Fishing is a popular pastime in Northern Ireland, with a range of great areas for visitors to cast out on. From trout fishing to having a go at landing some dogfish, there are beautiful waters aplenty to wet the appetite of even the most amateur of anglers.
Lough Melvin sits in County Fermanagh and lies close to the famous Marble Arch Caves Global Geopark. The remainder of the Lough exists in Ireland, County Leitrim and cuts across the Irish border. As one of the best locations for salmon and trout fishing, its shores are busy all year round. Trout is especially popular and the Lough has gillaroo, ferox and sonaghan trout species’ arriving in early June onward. The Lough has a large population of Atlantic salmon which are in season from February to September, with a limit of two salmon per year for anglers. You can apply for a permit at Rossinver fishery, on the Southern section of the Lough depending on the season and further information on the Northern Ireland district is available here.
Spelga Dam Reservoir
Not only is Spelga dam a fantastic reservoir for angling, it’s also one of many beautiful locations to appear on HBO’s Game of Thrones, and will appear in the upcoming season. Brown trout fishing is popular at the reservoir from March onward, of which there are plenty, and you can access the lake from nearby Kilkeel or Hilltown. Boats are not permitted in the water and you’ll need to obtain a DAERA Game Fishing Permit. Be sure to check out the nearby river, The Bann, also located in the Mourne Mountains, where you’ll also be able to catch Atlantic salmon and sea trout at a limit of three fish per day, two salmon included. The area is incredibly peaceful and perfect for amateur anglers.
Hit up Kilkeel Harbour for an afternoon of fishing in the Mourne County, mostly populated with coalfish and mackerel. You can fish by the shore or rent a boat trip out into the water, at a fee. The fishing centre has better services than the mountain lakes, including pontoons for boat trips, water and electricity supplies and a slipway. The Nautilus Centre also has its own café and restaurant. You can check out the full facility list here.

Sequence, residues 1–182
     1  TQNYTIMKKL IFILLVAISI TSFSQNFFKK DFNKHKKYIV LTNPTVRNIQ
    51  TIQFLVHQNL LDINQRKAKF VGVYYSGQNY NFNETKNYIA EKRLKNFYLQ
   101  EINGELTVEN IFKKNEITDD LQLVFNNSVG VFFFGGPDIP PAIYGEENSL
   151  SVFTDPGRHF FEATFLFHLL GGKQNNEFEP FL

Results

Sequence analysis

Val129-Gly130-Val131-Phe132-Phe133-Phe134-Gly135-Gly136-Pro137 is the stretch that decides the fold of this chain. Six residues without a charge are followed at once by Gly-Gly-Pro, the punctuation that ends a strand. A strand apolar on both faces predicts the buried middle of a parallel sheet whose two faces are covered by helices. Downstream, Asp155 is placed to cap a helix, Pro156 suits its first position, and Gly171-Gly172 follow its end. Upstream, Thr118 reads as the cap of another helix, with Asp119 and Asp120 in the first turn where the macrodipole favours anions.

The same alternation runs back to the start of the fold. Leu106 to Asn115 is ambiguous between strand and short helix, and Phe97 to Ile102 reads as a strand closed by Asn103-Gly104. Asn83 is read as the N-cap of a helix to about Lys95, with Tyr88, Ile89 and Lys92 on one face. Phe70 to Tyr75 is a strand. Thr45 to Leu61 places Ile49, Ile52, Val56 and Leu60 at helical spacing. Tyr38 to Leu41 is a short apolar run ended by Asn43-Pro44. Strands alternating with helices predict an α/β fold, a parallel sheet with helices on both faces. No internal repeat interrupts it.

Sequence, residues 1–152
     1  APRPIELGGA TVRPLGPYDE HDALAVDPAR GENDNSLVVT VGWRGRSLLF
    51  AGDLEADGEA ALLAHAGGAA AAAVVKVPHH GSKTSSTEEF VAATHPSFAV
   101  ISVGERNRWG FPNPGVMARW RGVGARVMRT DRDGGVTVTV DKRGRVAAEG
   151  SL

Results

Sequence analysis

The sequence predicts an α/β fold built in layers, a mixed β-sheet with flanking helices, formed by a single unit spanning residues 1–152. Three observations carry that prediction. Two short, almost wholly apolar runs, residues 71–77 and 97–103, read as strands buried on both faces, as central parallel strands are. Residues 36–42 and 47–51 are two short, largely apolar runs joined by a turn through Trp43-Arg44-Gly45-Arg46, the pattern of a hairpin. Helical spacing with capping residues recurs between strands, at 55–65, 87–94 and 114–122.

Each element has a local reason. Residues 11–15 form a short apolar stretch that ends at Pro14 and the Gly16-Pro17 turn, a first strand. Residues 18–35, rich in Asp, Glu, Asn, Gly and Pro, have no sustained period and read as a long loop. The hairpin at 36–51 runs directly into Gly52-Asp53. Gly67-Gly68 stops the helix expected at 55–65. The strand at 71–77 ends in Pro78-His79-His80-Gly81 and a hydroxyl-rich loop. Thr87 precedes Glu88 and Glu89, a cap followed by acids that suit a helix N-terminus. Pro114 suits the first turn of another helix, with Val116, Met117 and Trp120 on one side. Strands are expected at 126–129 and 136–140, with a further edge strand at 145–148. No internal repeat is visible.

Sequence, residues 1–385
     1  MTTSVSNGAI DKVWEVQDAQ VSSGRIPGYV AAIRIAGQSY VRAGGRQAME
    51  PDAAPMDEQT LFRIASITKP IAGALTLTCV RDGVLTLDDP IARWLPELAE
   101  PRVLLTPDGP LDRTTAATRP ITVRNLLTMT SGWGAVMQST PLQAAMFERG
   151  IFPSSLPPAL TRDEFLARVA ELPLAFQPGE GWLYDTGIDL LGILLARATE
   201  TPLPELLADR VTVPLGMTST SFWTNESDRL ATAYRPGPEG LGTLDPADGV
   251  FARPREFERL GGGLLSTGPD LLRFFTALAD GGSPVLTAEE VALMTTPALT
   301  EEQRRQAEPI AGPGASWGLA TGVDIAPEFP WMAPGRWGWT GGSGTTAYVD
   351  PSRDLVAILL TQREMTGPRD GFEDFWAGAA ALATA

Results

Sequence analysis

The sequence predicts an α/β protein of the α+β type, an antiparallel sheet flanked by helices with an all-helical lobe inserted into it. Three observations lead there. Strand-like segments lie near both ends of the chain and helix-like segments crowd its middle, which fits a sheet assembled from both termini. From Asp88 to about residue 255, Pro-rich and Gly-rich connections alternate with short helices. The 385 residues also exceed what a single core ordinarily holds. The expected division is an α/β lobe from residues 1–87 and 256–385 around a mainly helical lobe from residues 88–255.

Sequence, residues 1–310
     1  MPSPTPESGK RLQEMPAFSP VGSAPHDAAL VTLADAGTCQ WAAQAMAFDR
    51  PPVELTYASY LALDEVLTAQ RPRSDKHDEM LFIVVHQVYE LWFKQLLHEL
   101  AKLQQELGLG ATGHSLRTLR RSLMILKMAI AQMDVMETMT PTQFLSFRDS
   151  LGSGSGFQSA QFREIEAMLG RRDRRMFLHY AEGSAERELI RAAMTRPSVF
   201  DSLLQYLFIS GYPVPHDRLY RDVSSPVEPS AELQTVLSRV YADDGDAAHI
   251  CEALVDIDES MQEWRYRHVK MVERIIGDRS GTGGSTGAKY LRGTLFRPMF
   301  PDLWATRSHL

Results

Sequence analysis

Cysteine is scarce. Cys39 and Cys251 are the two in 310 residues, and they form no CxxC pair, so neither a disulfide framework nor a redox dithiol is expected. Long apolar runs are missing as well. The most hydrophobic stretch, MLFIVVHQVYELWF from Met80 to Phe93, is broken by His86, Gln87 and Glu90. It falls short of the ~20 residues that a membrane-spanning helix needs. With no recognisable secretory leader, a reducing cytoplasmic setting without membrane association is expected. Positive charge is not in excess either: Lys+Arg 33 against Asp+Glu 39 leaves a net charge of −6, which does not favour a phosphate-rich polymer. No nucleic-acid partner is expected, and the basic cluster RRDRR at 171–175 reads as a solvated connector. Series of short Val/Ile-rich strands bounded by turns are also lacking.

Like many of Northern Ireland’s angling locations, brown trout and salmon are popular catches for coarse fishing at Lough Erne – the season runs from March to September. However you can find eel, perch, rudd, pike, and roach species’ throughout the year. The Lower Lough Erne area is a more popular angling destination, although the use of ground bait and maggots for your rods are illegal here. Fishing is allowed from all boats, on particular legal limits of fish and passengers, but the views of the Crom Estate and surrounding archipelago of lakeland areas are truly worth the trip. Given the size of the fishing waters at this location, it is always best to read the Northern Ireland guidelines on Lough Erne before you arrive, which you can read here.
At the breathtaking Donaghadee peer, the Bridgewater Fishery point will tutor you in basic angling and offer accommodation all year round. It’s a great way to introduce yourself to the sport, where you’ll fish for rainbow trout. Note, you’ll need to obtain a DCAL Angling Licence to take part. You can catch pollock or mackerel from the peer and further out, at Rigg sandbar, there will also be a population of plaice, dogfish, flatfish – and even rays to admire!
Every year, salmon, grilse and sea trout arrive in thousands from the Atlantic into the River Foyle, which reaches across County Derry and Tyrone in Northern Ireland (and County Donegal in the Republic of Ireland). Due to its popularity, you can obtain a season game licence or short-term licence from the Loughs Agency, usually a week or three day pass, but you may qualify for a free pass if you hold a permit elsewhere. The permit is great value for money and covers multiple fishing posts along the river and some reservoirs in Northern Ireland.
The shining jewel of the North has a plethora of angling and water activities to enjoy. The waters of the north coast enjoy populations of codling, pollock, whiting, dogfish and more year round and there’s a better chance of a good catch on the waters of Rathlin Island, off the Causeway coast. You can join one of the Yacht Club’s angling trips or rent a boat from PYC boatowners. If travelling to the North for a first-time angling experience, book a tour with Causeway Lass, who specialise in modern fishing boat tours for all ages. The company will travel towards Portrush and Portstewart while you spend three hours catching mackerel fish – you’ll get all the equipment you need and it’s accessible for disabled travellers. You can find out more information and book a trip here.